On Anonymity And Trust

Posted on 2021-09-18 20:00

The internet has its own miracle, because no one really knows who you are in the real world (well, unless you deanonymize yourself, of course). By default, what people see is just another person on the internet, and that's all. But, there is a bit of a problem with Indonesian Twitter's menfess system...

What Menfess Is

Menfess is--to keep it simple--a (bot) account on Twitter that takes DMs from people (or just their accepted/followings accounts) and tweets the message anonymously. Such example of these are @sbmptnfess and @utbkfess. They're usually limited to a certain topic or theme, and is moderated by a few admins.

To most people, this doesn't seem to be a bad idea, they can be anonymous while sending whatever they want without the feel of being judged by people. Or they can simply use that as a media to reach much more people to engage with their statement and/or question. What they have to believe is that the admins or moderators or anyone who is in charge of the account won't simply deanonymize them, and the key here is trust. The thing is, can you trust them?


There is no doubt that all of the anonymous fess sent in those account are actually available in plain text in the account's DMs. The account holder--hell, maybe the bot creator--could easily look over and see who actually sends it. This does not necessarily pose a problem on big accounts, as there would be lots and lots of DMs coming in and it would drown anyway, but it could be a problem on smaller accounts. The number of DMs that comes are small and thus someone that holds the account could simply just inspect what you sent and know who actually sends it, adding the chance of someone leaking it. Therefore, it might just be not the best idea to send in something that is sensitive to them.

How About Pacilfess?

While Pacilfess does in a way suffer the same sort of problem, I made it specifically to hash the user ID so that no one who has the database (including myself) could directly know who is actually behind it. However, there could still a way to deanonymize, which is to bruteforce who the hell actually posts it, but that takes quite some time and to be frank I would be way too lazy to do that. This is how it looks like in the database, if you wish to know:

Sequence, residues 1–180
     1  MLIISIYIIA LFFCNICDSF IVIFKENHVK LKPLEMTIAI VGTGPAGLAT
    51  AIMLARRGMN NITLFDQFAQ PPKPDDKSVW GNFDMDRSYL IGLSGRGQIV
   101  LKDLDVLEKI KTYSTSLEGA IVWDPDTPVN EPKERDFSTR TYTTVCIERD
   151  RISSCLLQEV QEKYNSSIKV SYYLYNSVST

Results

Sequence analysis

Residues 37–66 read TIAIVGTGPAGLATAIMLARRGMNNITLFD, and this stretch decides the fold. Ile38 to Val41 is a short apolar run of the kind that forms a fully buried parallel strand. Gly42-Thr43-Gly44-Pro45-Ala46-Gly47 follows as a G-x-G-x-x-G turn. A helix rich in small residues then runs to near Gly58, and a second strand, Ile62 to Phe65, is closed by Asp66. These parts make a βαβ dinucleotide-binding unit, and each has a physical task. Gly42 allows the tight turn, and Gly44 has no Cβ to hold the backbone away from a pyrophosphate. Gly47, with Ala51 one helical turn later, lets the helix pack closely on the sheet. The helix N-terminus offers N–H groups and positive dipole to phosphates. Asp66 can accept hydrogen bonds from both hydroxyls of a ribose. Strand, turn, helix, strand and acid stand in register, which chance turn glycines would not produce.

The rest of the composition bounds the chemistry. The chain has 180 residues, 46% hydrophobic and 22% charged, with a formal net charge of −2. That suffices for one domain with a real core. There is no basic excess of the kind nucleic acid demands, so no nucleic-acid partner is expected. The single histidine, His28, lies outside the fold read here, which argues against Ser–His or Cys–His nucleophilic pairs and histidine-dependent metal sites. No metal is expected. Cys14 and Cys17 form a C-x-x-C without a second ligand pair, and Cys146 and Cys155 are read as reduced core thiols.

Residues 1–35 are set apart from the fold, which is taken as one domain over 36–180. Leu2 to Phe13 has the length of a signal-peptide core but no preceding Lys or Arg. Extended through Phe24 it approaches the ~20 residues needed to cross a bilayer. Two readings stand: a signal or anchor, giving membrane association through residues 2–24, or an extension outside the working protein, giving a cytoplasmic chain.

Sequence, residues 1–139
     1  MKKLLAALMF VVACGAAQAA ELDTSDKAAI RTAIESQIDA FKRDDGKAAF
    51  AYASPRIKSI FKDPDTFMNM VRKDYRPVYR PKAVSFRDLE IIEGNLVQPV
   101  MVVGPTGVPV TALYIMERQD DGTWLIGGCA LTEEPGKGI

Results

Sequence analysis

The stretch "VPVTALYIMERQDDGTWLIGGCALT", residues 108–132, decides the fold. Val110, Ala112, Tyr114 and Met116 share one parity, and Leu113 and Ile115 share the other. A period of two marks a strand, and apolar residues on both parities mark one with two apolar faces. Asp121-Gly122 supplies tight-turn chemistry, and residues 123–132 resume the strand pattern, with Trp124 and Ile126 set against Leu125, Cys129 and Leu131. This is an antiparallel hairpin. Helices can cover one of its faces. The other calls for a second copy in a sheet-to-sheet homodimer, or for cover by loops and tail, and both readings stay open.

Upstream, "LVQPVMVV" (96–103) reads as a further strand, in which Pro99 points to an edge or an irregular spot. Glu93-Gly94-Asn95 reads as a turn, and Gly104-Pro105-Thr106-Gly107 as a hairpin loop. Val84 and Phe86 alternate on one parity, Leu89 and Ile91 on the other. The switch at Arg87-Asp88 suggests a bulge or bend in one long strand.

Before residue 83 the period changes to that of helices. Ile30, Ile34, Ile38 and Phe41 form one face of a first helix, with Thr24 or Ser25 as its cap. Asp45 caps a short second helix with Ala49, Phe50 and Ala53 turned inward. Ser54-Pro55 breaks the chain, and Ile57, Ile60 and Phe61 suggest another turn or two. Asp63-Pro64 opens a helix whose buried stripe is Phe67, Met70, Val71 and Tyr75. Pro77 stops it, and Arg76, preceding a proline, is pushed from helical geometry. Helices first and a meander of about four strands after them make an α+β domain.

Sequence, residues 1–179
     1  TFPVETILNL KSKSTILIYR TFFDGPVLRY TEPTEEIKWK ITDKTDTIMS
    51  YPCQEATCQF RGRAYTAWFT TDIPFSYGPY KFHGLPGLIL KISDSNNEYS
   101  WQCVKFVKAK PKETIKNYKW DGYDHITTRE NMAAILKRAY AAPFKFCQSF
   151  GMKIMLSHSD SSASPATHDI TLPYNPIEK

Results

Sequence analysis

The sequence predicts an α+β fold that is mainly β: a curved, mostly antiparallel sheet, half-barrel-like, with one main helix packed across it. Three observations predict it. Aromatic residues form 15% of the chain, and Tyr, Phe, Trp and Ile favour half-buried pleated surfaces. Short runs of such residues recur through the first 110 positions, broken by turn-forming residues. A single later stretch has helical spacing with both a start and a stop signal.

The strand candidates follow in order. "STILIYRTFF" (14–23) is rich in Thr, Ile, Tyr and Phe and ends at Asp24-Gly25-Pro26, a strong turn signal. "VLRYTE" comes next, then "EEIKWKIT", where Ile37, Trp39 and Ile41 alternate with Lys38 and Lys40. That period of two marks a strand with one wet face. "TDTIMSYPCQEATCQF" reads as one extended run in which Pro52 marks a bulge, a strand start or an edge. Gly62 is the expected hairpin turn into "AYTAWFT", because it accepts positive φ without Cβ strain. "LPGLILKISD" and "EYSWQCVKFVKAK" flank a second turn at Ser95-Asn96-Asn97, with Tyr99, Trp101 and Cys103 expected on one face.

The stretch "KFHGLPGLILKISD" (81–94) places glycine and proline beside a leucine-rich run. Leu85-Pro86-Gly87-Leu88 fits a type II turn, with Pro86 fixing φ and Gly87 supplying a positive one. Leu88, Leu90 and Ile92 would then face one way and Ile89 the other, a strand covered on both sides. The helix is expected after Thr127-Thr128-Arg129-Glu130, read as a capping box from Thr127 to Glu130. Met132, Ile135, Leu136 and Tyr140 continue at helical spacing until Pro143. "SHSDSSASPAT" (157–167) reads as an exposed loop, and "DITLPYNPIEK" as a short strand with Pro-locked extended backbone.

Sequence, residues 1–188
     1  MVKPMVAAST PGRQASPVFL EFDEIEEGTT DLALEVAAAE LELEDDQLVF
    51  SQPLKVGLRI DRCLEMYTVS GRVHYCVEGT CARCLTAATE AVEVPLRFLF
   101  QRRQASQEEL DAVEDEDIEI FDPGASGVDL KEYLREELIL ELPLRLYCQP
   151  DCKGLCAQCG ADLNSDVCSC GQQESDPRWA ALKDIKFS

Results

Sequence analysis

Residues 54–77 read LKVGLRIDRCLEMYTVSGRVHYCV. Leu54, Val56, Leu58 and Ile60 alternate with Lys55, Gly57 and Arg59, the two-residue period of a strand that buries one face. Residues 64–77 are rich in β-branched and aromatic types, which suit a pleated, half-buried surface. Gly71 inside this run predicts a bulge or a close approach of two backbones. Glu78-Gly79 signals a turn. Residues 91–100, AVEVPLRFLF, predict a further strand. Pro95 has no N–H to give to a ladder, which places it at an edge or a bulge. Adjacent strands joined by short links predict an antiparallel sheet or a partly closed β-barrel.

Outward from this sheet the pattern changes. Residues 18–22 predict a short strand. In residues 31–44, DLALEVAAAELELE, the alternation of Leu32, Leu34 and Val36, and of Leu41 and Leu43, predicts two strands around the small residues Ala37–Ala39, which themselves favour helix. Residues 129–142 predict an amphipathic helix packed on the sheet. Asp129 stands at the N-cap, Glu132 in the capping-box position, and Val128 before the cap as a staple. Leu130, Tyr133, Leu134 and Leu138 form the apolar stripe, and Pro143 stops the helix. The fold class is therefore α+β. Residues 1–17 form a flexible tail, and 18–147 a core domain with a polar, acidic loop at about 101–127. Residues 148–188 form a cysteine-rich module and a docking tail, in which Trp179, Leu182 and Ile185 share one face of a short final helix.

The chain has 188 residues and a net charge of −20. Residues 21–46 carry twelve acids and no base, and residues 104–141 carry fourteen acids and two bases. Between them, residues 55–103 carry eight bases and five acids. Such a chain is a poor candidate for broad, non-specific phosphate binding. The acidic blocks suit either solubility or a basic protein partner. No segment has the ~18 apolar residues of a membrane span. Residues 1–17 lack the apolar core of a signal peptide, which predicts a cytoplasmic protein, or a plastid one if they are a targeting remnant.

1422871324023500464169886565236075798538eab4e59e7c00df6da02aa3958709ff182c26ef2ca306c5807dd10e0340f092eeyes gue juga gitu1631444023

user_id is hashed with SHA-256 from Discord's UID.


Sending a message anonymously sounds great, but you need to put trust on them. And personally, I won't put trust on some random on the internet easily. So, I would say that to refrain from posting anything controversial or sensitive especially on smaller menfess accounts, since there is a possibility that someone could just leak you. Or just don't post those stuffs, really. Just keep it to yourself unless you know what the heck you are doing.

On things like Discord bots, there is a chance that someone could just log everything in plain text, so better be sure to read their privacy policy and if possible, the source code.

That's all, have a nice day.